Maine Fiber Company: Utility pole attachment make-ready is our single largest operating expense

poles
MFC says LD 406 will remove road blocks to new fiber construction in Maine.

Maine Fiber Company (MFC), the company behind building the state’s wholesale dark fiber-based Three Ring Binder (3RB) middle mile network, is showing support for Maine lawmakers’ proposed LD 406 bill that’s designed to upgrade the state’s outdated pole attachment regulations.

LD 406 was introduced by Senator David Woodsome of York, Maine, and co-sponsored by Representative Seth Berry of Bowdoinham and Senate President Michael Thibodeau of Waldo, Maine.

In a blog post, MFC said that “this bill will open the door to some strategic changes in the utility pole attachment process and is long overdue for Maine.”

Overcoming make-ready challenges

MFC itself has negotiated over 30 pole attachment agreements to attach fiber cables on poles throughout the state. The service provider is currently attached to about 31,000 poles in Maine. 

Like other emerging service providers, the service provider’s biggest deployment hurdle is the “make-ready” process with local power utilities that are typically the owners of the poles.

Under the current process, a new applicant like MFC has to wait 30 days for the pole owners to provide a cost estimate.  A utility will provide the applicant with how much it will cost to move cables on each pole to make room for the new entrant. Additionally, the utility lists the other parties already attached to the pole and indicates where they need to move in order to make space for the applicant’s new cable.  

After the applicant pays the make-ready costs to the pole owners, the pole owners have four months to complete their work and the applicant has to contact the other current attachers to get them to move their cables so that they won’t disturb each other.

MFC said that while the process to put up a new cable after the make-ready work is done, the recurring annual license fees to access those poles “is our single largest operating expense.” 

Empowering Maine’s PUC  

The state’s current law is over 20 years old and did not take into mind the role that ISPs or dark fiber providers would play in the community.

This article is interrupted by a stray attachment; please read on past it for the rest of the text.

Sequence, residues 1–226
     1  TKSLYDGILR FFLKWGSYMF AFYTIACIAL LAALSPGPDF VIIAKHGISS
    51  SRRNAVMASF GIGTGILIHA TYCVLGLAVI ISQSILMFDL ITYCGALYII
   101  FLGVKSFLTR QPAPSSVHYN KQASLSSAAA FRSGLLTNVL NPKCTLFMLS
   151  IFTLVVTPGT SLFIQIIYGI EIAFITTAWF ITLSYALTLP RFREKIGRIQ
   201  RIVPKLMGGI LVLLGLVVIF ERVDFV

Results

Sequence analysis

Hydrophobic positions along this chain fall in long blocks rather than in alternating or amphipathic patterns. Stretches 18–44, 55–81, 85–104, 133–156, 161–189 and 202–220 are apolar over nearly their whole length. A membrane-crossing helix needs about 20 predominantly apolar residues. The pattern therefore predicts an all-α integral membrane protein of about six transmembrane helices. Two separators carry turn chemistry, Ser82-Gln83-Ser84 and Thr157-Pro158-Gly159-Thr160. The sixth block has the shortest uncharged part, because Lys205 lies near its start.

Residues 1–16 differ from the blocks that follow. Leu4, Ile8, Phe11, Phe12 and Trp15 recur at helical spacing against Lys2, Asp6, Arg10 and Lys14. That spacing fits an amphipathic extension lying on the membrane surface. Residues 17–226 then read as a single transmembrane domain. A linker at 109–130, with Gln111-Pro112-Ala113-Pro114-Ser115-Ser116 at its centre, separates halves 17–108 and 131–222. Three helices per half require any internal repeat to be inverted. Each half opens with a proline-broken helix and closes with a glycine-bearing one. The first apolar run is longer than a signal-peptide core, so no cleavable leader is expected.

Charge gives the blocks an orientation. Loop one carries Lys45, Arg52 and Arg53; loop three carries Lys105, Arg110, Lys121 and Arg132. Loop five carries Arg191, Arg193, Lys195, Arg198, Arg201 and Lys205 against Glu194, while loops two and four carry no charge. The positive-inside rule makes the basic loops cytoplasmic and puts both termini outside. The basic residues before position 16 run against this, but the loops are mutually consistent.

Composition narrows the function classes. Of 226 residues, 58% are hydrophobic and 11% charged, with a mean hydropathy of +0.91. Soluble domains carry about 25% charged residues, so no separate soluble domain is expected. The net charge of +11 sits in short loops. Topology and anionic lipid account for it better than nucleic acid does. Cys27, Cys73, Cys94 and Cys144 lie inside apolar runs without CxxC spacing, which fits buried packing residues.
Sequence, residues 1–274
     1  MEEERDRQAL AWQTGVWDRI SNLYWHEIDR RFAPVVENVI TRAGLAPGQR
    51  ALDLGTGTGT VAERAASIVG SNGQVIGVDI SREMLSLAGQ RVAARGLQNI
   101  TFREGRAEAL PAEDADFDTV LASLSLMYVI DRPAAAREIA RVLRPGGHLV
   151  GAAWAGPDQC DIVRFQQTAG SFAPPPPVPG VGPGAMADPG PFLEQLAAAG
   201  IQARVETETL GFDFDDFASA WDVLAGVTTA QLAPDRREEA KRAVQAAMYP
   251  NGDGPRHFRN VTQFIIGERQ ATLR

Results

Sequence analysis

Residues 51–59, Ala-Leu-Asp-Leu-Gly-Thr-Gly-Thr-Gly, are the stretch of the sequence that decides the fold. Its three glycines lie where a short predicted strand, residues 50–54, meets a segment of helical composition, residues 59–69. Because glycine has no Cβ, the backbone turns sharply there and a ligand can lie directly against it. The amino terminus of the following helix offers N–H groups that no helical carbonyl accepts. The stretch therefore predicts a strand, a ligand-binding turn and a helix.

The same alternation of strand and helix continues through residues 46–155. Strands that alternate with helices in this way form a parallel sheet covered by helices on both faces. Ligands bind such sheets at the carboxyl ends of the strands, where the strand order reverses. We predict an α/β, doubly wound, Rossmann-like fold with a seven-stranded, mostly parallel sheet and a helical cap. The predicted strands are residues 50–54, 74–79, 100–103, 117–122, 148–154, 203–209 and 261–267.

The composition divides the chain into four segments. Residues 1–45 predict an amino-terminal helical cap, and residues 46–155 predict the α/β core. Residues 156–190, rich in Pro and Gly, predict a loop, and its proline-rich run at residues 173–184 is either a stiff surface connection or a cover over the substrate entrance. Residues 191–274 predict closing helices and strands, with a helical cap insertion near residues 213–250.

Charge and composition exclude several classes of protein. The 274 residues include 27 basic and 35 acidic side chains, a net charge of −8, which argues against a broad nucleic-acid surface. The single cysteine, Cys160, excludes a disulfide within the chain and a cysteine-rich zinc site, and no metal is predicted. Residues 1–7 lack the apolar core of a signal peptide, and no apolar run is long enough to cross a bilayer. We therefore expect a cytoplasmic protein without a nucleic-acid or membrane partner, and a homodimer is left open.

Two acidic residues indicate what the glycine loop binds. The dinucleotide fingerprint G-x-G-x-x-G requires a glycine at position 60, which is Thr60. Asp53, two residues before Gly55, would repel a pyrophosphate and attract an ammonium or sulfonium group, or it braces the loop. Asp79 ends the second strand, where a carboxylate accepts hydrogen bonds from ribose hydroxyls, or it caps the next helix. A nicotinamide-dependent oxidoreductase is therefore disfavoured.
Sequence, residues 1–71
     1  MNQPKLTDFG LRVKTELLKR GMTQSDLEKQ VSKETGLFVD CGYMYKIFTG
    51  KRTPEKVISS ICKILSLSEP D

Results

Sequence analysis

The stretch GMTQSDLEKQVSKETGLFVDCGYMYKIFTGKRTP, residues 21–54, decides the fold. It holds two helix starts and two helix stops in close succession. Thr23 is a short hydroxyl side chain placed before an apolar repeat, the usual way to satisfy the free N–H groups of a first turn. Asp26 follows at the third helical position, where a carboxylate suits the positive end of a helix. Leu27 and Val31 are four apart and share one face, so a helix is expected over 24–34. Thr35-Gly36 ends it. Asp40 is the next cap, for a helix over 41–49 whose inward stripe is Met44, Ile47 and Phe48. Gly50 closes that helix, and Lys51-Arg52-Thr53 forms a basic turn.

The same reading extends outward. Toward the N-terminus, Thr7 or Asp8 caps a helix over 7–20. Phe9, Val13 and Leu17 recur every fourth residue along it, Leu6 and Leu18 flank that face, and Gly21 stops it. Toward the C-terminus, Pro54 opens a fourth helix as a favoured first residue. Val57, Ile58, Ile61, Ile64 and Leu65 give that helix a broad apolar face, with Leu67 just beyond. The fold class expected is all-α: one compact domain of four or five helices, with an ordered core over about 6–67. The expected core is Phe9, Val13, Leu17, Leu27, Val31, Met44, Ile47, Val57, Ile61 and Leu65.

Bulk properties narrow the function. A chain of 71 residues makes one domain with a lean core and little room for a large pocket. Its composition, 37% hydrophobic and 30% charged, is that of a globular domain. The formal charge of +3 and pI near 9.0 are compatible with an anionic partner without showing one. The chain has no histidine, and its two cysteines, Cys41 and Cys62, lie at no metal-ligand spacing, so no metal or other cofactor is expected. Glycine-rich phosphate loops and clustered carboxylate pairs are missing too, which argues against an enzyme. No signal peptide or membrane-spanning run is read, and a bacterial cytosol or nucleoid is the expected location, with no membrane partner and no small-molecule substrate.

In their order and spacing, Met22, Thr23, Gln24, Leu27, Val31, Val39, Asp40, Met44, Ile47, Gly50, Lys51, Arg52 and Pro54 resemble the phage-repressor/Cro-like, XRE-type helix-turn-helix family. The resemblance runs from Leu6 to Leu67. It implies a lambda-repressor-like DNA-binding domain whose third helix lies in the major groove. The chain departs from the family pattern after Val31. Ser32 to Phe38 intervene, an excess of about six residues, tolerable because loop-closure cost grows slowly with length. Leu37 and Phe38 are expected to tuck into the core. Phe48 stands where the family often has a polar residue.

By modernizing the current law, MFC said LD 406 will clarify the types of providers that can attach their facilities to poles.

It will also give the Maine Public Utilities Commission (MPUC) the authority to set pole attachment terms, conditions and rates. 

“The MPUC, as an informed but neutral party, is the right organization to take this on,” MFC said. “There is an inherent conflict of interest if the pole owning utilities are left to negotiate terms and rates with their competitors.”

MFC added that there are a number of new pole attachment reform proposals: FCC’s call for expedited make-ready intervals and “One-Touch” make ready, which allows a single contractor to do all the make-ready work, or naming a single party as the pole administrator for the entire state.  

“We think the MPUC is in the best position to ensure pole owners, many of whom are competitors to new attachment seekers, do no practical or economic harm to companies that seek to build competitive fiber networks in Maine,” MFC said.

RELATED: AT&T says Google Fiber’s bad info delayed pole attachments

Conflicts over pole attachments are not just relegated to Maine.

In Tennessee, Google Fiber’s call for a One-Touch make-ready process has driven a war of words with local incumbent telco AT&T.

AT&T, which established a nationwide contract with Google Fiber to attach its facilities to the poles the telco owns, looks at each attachment process city by city.         

Under its One-Touch make-ready proposal, Google Fiber said it should be able to move existing Comcast and AT&T cables itself on utility poles owned by Nashville Electric Services (NES). This would circumvent the old make-ready rules that require Google Fiber to notify NES of the need to make space for its cables, only to have NES contact AT&T and Comcast to execute the actual work. 

However, AT&T blamed Google Fiber for submitting incorrect information about the poles.